||Issue No. 333 -- 13 June 2005
Quote/s of the Week
Ad Hoc Article/s of the Week
Bits and Bobs
The Legal Beagle
Where are they now?
Club and Other News
Credits and Contact Info
Subscribing and Unsubscribing
|Send this Issue to a Friend!
Just over a week until we leave for our holiday! Making my usual lists... and looking forward to seeing family and friends again. Hopefully when we get back we will feel like we had a holiday. Our trip last September was so hectic we needed a break to recover!
This time it will be warm in all places we are visiting... Warm might be an understatement! I think hot is a better word... mid summer in the south of the US... Better that than six feet of snow!
What all this means is that next Monday will be the last edition of SAWmail for a few weeks. Hope you can all survive without it and will miss it while I am gone!
Should be back on July 25th.
Does anyone know Marlene in New Zealand’s updated e-mail address? The one I have been using for years has come back. If anyone knows it please contact me at the usual address email@example.com. Thanks!
In honour of Fathers Day and in honour of my dad and all those other dads that are no longer with us, we have some special quotes for you. I published these a couple of years ago and think they are worth publishing again for you all.
| SAW Advertisement|
Time to celebrate Dad!
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Simply click here to see the interesting and novel Fathers Day experiences they have on offer!
These from me for Fathers Day...
“It is a wise father that knows his own child” - William Shakespeare
"The place of the father in the modern suburban family is a very small one, particularly if he plays golf." - Bertrand Russell
"I am determined that my children shall be brought up in their father's religion, if they can find out what it is." - Charles Lamb
"You've got to do your own growing, no matter how tall your grandfather was." - Irish Proverb
"My father used to say, 'Let them see you and not the suit. That should be secondary.'" - Cary Grant
"I've always followed my father's advice: he told me, first to always keep my word and, second, to never insult anybody unintentionally. If I insult you, you can be goddamn sure I intend to. And, third, he told me not to go around looking for trouble." - John Wayne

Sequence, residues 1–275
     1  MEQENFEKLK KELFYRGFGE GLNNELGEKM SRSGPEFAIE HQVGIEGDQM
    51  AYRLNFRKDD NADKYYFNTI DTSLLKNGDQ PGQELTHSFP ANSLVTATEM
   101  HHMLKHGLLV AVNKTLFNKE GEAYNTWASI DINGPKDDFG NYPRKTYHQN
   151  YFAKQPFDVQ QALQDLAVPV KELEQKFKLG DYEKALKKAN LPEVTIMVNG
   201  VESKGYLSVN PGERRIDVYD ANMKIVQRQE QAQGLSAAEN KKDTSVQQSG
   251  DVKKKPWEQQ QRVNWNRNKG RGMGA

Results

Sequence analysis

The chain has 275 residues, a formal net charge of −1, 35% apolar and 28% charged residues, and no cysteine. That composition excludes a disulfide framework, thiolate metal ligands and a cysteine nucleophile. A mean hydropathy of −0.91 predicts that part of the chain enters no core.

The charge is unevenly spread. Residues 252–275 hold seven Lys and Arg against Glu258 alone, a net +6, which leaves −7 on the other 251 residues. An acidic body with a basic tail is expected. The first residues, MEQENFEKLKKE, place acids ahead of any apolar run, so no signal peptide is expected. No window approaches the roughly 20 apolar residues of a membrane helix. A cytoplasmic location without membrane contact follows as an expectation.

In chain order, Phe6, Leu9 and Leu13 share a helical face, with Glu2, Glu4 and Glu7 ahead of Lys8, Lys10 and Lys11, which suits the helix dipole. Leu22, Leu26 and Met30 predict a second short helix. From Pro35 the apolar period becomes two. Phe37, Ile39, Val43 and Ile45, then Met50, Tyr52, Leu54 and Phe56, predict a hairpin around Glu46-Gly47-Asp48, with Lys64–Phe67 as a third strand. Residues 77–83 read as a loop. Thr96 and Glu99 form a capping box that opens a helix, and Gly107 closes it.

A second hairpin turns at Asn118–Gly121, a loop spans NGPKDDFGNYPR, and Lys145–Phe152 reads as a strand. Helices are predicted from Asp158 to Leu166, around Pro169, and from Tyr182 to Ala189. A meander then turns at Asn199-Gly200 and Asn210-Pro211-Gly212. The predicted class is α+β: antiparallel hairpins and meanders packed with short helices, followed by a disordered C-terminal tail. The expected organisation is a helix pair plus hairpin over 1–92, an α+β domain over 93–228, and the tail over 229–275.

"All we have of freedom -- all we use or know -- This our fathers bought for us, long and long ago." - Kipling
"You need only reflect that one of the best ways to get yourself a reputation as a dangerous citizen these days is to go about repeating the very phrases which our founding fathers used in the struggle for independence." - Charles Austin Beard, historian
"The important thing to recognise is that it takes a team, and the team ought to get credit for the wins and the losses. Successes have many fathers, failures have none." - Philip Caldwell
"I don't know who my grandfather was; I'm much more concerned to know what his grandson will be." - Abraham Lincoln
"No one would be foolish enough to choose war over peace--in peace sons bury their fathers, but in war fathers bury their sons." - Croesus of Lydia
"My grandfather once told me that there are two kinds of people: those who work and those who take the credit. He told me to try to be in the first group; there was less competition there." - Indira Gandhi
"My father taught me to work; he did not teach me to love it." Abraham Lincoln
"My father built a quicksand box in our back yard. I was an only child, eventually." - Steven Wright
"My father was an amazing man. The older I got, the smarter he got." - Mark Twain
"My grandfather always said that living is like licking honey off a thorn." - Louis Adamic
"I once complained to my father that I didn't seem to be able to do things the same way other people did. Dad's advice? 'Margo, don't be a sheep. People hate sheep. They eat sheep.'" - Margo Kaufman
"Life is all one piece. Men err when they think they can be inhuman exploiters in their business life, and loving husbands and fathers at home. For achievement without love is a cold and tight-lipped murderer of human happiness everywhere." - Smiley Blanton
"Not a tenth of us who are in business are doing as well as we could if we merely followed the principles that were known to our grandfathers." - William Feather
"The lack of emotional security of our American young people is due, I believe, to their isolation from the larger family unit. No two people - no mere father and mother - as I have often said, are enough to provide emotional security for a child. He needs to feel himself one in a world of kinfolk, persons of variety in age and temperament, and yet allied to himself by an indissoluble bond which he cannot break if he could, for nature has welded him into it before he was born." - Pearl S. Buck